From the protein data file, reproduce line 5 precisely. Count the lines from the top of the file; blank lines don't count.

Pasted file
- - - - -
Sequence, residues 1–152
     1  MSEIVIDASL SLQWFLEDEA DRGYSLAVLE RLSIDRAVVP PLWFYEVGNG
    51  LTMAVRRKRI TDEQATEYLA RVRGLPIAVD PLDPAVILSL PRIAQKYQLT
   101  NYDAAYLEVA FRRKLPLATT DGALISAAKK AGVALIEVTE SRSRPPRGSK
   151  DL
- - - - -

   151  DL